We do things that are bad for us all the time, from smoking to bullfighting. Lots of stupid activities pose considerable dangers to our health, and we undertake them voluntarily. But normal people recognize the dangers, and either take them into consideration, or simply don’t give a toss. Mobile phones, we’re often told, are allegedly equally hazardous to our health. Cancer-causing, brain-frying, evil little devices we keep in our pockets. Yet we use them with reckless abandon, often for the most frivolous of things, and sometimes for hours at a time. Should phones carry a serious warning from the government, or even be ruthlessly outlawed?
Well, it depends on who you believe. Reports from scientists, medical professionals, and quacks of all kinds warn of the dangers. Yet a similar cross-section of the health community scoffs and says not to worry, there’s nothing to fear. All this arguing didn’t start yesterday either. It has been going on since phones were first freed from their wire restraints. The trouble is, it’s now extremely hard to care. Conflicting medical reports have become so tiresome, we don’t really pay any attention, and those which do catch our eye are often written by someone who also gives lectures about the scourge of chemtrails in their spare time. However, the main reason we skip past the news of cancerous cells and on to carcinogenic celebrities, is because the phone has become an almost invaluable part of modern life; and we’re damn well not going to give them up without some extremely compelling evidence.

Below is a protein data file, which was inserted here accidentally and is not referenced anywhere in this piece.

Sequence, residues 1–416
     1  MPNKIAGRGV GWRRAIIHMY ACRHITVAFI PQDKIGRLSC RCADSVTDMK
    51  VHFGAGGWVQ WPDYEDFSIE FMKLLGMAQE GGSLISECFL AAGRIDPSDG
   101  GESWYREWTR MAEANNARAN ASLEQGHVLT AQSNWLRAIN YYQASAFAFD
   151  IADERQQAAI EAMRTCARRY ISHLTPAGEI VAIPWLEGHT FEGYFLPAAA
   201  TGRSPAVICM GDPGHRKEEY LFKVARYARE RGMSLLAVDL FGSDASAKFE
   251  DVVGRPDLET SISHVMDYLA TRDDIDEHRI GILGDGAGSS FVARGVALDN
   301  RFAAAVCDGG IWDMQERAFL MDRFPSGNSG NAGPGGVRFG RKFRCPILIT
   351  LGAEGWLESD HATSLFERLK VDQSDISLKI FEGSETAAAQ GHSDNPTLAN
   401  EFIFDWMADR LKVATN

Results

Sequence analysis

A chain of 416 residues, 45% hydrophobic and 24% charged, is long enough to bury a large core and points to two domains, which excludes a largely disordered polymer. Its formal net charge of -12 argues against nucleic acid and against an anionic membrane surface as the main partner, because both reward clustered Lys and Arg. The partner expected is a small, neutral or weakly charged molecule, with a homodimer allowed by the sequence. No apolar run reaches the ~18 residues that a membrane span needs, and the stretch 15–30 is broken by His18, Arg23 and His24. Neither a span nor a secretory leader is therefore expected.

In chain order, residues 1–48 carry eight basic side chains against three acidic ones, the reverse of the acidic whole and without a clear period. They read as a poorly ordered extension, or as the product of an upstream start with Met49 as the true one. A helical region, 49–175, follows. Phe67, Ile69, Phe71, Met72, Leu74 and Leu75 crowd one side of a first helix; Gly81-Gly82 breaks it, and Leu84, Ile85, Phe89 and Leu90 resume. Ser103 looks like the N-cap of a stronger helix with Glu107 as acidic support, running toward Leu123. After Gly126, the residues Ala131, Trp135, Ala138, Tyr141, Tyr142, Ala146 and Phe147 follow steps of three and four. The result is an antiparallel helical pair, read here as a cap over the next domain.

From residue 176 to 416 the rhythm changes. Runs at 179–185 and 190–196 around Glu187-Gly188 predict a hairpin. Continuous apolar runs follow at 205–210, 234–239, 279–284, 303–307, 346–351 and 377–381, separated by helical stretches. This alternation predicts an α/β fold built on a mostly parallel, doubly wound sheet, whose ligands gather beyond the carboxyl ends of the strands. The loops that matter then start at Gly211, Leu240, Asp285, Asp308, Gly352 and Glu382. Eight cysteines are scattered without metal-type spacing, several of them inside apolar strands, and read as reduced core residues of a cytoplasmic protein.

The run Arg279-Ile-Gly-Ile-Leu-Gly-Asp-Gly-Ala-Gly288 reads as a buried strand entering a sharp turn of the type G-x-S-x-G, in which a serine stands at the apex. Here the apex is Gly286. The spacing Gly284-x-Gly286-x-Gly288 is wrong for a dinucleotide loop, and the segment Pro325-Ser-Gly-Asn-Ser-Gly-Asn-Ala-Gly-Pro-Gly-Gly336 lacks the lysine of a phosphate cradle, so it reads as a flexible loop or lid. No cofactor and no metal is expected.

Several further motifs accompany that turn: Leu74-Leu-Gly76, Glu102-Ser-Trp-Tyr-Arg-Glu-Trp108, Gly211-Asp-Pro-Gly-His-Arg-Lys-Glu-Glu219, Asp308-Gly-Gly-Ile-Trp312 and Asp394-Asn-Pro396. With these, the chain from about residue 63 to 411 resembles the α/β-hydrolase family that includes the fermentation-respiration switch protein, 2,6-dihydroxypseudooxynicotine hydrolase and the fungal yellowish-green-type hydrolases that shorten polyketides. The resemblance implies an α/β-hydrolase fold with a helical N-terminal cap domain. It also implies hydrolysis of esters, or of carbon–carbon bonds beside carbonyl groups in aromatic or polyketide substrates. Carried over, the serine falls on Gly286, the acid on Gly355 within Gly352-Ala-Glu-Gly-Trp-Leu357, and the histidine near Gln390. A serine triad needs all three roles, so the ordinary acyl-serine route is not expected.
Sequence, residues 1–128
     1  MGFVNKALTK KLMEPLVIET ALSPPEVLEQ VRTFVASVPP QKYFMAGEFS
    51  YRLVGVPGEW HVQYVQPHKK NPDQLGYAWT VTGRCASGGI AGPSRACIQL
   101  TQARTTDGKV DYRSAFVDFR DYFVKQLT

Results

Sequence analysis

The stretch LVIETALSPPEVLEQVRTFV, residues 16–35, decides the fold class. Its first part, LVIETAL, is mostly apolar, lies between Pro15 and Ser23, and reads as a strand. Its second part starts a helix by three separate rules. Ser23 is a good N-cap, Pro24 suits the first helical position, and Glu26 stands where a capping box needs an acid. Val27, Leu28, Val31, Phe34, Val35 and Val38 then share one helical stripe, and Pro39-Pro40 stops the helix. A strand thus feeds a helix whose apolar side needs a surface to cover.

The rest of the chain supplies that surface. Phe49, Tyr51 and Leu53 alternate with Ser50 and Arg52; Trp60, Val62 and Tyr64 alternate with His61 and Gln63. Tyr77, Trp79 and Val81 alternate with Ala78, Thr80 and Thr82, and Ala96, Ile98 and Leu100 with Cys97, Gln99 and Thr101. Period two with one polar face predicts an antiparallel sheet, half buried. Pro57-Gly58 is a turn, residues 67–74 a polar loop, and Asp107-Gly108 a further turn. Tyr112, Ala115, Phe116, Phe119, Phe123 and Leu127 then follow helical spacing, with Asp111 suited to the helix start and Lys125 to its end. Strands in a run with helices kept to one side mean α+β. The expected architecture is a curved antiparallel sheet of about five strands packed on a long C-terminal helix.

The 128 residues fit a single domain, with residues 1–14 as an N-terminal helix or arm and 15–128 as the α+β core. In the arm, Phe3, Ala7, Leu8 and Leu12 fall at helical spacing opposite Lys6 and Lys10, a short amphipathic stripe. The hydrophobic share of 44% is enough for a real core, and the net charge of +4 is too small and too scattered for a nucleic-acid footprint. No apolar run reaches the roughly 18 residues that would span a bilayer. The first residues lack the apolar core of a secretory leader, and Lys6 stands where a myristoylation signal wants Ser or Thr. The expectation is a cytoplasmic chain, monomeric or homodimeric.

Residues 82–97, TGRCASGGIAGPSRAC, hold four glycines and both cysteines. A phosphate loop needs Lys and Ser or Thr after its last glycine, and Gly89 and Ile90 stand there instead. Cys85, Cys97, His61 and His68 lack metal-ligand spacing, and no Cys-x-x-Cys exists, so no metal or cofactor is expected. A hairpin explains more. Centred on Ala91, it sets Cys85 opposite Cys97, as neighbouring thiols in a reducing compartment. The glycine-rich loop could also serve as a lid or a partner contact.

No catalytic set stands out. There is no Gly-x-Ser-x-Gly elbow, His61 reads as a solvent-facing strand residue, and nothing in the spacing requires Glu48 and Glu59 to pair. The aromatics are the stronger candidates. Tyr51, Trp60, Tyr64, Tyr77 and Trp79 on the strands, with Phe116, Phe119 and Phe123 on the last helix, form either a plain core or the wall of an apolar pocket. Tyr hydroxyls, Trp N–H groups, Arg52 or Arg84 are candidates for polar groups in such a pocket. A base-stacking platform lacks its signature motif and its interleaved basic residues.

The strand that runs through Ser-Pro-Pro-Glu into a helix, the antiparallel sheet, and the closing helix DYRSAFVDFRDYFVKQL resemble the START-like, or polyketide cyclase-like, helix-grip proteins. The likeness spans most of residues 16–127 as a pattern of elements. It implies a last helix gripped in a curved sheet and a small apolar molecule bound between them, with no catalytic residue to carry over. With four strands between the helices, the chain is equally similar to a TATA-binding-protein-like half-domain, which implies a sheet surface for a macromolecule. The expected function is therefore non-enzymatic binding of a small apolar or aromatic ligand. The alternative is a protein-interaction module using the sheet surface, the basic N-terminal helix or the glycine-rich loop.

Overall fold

Is there any? Let’s take a look.
Phones aren’t bad for us
Let’s hop in the DeLorean, and have a little time-traveling adventure through the exciting history of medical research related to phones and potentially life-ending conditions – specifically seeking out those which exonerate our beloved gadgets. For the first example, we don’t even need to fire up the Flux Capacitor. In December 2014, the University of Manchester published a study saying the magnetic fields created by phones and power lines don’t cause health problems. Apparently, research showed these fields have no affect on flavorproteins in our bodies, which was previously believed to cause all sorts of hideous problems. It’s a good start, but let’s go back further. see more